Saint Meinrad Seminary & School of Theology

Formation and Education for the Life of the Church

Alumni Obituaries

Dean Wilhelm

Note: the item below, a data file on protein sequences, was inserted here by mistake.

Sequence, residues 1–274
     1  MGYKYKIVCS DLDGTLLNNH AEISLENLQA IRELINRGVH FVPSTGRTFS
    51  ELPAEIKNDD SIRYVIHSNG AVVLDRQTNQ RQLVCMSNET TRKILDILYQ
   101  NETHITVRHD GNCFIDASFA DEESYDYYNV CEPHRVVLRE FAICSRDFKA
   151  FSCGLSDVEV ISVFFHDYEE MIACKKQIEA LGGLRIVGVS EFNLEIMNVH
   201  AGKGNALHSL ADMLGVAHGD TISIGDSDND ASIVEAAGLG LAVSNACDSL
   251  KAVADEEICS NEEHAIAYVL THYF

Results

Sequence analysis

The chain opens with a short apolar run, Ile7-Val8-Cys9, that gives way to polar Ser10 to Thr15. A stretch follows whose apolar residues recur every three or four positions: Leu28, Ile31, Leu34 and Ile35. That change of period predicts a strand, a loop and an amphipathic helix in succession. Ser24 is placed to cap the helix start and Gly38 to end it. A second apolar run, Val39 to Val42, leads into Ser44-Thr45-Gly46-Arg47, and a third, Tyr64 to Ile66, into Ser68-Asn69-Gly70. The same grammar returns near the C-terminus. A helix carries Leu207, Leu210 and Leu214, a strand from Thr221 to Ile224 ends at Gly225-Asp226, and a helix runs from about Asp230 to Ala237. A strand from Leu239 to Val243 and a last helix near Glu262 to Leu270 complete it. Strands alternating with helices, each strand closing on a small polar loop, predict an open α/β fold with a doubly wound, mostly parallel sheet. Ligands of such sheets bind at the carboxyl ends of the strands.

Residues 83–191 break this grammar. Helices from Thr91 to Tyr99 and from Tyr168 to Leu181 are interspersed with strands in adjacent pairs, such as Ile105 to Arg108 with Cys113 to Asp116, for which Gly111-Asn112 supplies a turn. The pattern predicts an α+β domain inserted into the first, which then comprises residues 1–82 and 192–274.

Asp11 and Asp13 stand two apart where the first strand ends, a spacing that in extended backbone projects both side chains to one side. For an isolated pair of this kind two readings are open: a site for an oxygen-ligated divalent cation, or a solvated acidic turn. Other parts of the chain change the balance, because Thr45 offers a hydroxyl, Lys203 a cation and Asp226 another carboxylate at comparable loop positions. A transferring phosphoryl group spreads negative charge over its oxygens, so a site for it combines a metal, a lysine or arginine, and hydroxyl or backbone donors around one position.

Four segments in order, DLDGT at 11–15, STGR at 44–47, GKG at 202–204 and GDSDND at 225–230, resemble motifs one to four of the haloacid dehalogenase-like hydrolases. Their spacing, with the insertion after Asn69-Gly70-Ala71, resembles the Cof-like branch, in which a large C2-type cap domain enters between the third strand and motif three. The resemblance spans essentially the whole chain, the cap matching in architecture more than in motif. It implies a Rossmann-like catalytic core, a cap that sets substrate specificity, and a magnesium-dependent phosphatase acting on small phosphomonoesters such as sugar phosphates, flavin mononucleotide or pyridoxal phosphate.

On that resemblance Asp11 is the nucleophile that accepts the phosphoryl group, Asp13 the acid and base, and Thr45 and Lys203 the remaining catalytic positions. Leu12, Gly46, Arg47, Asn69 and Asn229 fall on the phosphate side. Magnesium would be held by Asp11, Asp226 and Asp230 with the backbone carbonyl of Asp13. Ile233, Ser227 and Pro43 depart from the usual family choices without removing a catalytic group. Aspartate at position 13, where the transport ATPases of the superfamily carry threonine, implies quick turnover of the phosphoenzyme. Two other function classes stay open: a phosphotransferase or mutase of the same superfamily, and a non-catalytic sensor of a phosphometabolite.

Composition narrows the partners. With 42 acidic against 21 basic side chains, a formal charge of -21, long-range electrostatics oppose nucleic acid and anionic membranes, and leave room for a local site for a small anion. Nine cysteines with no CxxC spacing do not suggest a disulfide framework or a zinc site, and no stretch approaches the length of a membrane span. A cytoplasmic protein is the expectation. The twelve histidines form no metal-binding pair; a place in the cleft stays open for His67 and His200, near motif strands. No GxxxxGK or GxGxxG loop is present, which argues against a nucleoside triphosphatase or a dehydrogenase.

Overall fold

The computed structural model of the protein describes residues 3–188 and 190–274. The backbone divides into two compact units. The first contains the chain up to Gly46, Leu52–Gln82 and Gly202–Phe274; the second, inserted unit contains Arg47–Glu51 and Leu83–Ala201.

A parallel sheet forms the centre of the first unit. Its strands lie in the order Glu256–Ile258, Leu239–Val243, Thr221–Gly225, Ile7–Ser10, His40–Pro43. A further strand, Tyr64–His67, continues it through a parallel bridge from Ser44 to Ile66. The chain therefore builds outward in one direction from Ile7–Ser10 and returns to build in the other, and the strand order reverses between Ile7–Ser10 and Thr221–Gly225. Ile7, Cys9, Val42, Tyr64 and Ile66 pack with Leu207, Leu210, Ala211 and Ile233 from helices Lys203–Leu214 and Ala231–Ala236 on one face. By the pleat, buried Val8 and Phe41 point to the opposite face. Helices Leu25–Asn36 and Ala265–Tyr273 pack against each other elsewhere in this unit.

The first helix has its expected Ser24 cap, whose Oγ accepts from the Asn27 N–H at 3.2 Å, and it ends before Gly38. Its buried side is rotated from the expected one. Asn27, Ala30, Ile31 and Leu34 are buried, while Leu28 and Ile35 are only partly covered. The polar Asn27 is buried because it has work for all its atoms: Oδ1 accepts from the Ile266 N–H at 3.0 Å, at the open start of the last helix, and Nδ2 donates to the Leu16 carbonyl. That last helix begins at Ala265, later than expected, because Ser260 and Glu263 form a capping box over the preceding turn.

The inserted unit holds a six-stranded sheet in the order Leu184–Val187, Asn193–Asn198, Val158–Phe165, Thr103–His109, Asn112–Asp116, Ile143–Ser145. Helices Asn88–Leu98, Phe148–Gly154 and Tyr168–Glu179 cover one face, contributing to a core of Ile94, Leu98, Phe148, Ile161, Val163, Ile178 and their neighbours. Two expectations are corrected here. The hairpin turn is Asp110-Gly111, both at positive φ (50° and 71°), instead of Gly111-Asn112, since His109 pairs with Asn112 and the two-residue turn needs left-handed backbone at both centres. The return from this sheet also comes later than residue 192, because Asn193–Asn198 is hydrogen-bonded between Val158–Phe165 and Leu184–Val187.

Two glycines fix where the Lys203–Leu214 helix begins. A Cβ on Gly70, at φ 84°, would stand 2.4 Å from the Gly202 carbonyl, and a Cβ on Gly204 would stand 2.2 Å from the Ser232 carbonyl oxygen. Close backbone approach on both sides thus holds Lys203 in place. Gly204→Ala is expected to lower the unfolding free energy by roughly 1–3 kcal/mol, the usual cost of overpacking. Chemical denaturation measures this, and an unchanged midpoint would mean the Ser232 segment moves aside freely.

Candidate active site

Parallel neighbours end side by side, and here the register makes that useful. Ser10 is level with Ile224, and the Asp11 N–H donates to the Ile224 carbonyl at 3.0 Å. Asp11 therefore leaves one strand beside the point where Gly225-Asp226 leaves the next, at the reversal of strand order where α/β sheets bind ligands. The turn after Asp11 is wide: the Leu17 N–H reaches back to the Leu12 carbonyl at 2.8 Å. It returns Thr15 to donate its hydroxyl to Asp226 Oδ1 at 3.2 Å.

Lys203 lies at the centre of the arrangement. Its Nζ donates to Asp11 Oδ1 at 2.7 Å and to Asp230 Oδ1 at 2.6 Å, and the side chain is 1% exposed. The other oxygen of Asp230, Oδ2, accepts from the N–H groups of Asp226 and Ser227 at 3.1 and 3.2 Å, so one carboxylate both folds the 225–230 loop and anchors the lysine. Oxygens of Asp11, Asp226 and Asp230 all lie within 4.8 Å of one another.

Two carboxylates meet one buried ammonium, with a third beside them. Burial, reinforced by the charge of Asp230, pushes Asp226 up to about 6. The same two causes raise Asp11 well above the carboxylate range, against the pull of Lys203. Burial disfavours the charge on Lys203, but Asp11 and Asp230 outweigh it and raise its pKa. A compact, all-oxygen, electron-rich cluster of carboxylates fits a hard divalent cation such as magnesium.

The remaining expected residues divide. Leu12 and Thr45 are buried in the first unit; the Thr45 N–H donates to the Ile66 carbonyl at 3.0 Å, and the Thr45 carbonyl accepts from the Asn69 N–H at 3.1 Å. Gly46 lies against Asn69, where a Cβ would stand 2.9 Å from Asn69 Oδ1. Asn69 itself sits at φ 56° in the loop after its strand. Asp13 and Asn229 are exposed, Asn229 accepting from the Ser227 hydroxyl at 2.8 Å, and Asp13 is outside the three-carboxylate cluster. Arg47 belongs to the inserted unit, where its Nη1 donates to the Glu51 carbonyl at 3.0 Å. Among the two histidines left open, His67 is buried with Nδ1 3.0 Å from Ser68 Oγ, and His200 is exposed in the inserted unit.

Dean Wilhelm, 62, who for 25 years was the general manager of the 529-room Holiday Inn Capitol, the seventh-largest U.S. property in the hotel's chain, died of cancer at the Washington Home hospice. He lived in Alexandria.Mr. Wilhelm worked in the hotel industry for nearly 40 years, starting as a bellman and working his way up to the position of market manager for Donohoe Hospitality Services, a job he started June 1, overseeing three full-service hotels, including the Holiday Inn he used to manage.Often quoted in the press, usually because he was one of the longest-serving hotel managers in the city, he found himself the subject of a Washington Post article in February 2003 when the worst winter storm in six years shut down the city.With 400 guests and only 50 employees on hand for a long, snowbound weekend, Mr. Wilhelm instituted emergency rules: No room service, limited room cleaning until a room was vacated, and buffets at breakfast, lunch and dinner.When 700 people showed up for dinner Sunday night rather than the usual 150, Mr. Wilhelm rolled up his sleeves and helped wash the dishes.He was recognized by Holiday Inn Worldwide in 2007 as "best of the best" and named general manager of the year by the Hotel Association of Washington. He was on the board of that association for 20 years and was a past president.Born in Norwalk, Ohio, he graduated from the University of Dayton and joined the hotel business. He worked for Holiday Inn in Miami Beach, Cocoa Beach, Fla., and Columbus, Ohio, before moving to the Washington area.He was a member of the Washington Convention and Tourism Corp.'s convention committee, and he advocated the 1999 formation of the charter school Hospitality High School. He and his staff mentored 20 students and provided jobs for eight students.Mr. Wilhelm was the first hotel manager to commit to providing food to the D.C. Central Kitchen, an organization that feeds the homeless, and he worked with the Marriott Foundation's Bridges program, hiring 11 youths with disabilities and providing job readiness workshops for many others.Survivors include sister Judy (John) Miller, Joan Kehrer (John Webster) and brother Roger (Kathy) Wilhelm; long time friend of Al Mercogliano. Also survived by numerous nieces and nephews.Information obtained from the Washington Post online and Evans Funeral Home Web site, Norwalk, OH.